Bridge the retirement gender gapBlog added by Allen Greenberg on June 5, 2014
Allen Greenberg

Allen Greenberg

Joined: May 29, 2013

My favorite job as a kid was at the place next door to my dad’s auto repair shop, an operation that consisted of a sprawling, busy warehouse on the first floor filled with row upon row of construction and other tools. On the second floor, you could find the offices filled with desks and phones and phone books. Lots of phone books.

My job was in sales, meaning I had to pick up one of those phone books, find the numbers to contractors wherever they might be, and start dialing.

They gave us a script, but I did my best learning by listening to the older guys. They knew what to say, and how to say it. I’ll always remember the one line that helped the floor manager close so many deals.

First, he’d grab the earpiece of his phone and then slam the mouthpiece against the side of his desk three times. “Did you hear that?” he’d yell into the phone. “That was opportunity knocking!”

It was coarse, but effective.

More recently, the Pension Rights Center, OneAmerica, Wells Fargo, Aon Hewitt and Allsup Medicare Advisor, among others, have all tried to underscore what might be one of the clearest opportunities for advisors: The help needed by women to sort through the question of planning for their retirements.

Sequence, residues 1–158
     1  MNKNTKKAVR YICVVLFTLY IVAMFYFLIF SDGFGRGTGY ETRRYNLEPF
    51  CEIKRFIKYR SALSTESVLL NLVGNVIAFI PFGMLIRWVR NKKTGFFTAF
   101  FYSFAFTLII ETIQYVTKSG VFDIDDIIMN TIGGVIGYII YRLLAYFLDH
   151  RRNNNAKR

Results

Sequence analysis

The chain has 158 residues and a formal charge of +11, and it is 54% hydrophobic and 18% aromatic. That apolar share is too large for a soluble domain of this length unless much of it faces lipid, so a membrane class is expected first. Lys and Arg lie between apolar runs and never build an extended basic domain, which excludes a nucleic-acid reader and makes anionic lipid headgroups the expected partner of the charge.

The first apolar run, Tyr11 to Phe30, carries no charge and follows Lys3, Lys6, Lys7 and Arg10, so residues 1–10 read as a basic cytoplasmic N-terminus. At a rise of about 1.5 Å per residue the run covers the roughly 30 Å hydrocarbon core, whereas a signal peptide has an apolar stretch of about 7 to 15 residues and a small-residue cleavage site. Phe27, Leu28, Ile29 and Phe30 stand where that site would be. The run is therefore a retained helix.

According to a Congressional analysis of Census data, women are almost twice as likely as men to live below the poverty line during retirement.

On average, women 65 years and older rely on a median income of around $16,000 a year – about $11,000 less than men of the same age, the data shows. And many elderly women are forced to rely entirely on what they get from Social Security.

Of course, both men and women are facing a retirement crisis, but it disproportionately affects women, according to the Pension Rights Center.

The reasons for this are many. Women still earn lower wages than men and are more likely to work part-time or take time off to care for their children, parents or disabled relatives, which can further lower their earnings. Women also make up the majority of low-wage workers, and low-wage jobs, like restaurant and retail, typically don’t offer retirement savings plans to their employees.

No wonder that OneAmerica, sharing the results of one of its surveys earlier this week, said that it found men are more confident than women (43 vs. 32 percent) about retirement.

Congress might take up Social Security reform sometime this year or next. Some of the fixes that lawmakers might take up could help women.

But let’s not wait on Washington to address this. Whether you’re a group or individual retirement advisor, opportunity is knocking.

Originally published on BenefitsPro.com
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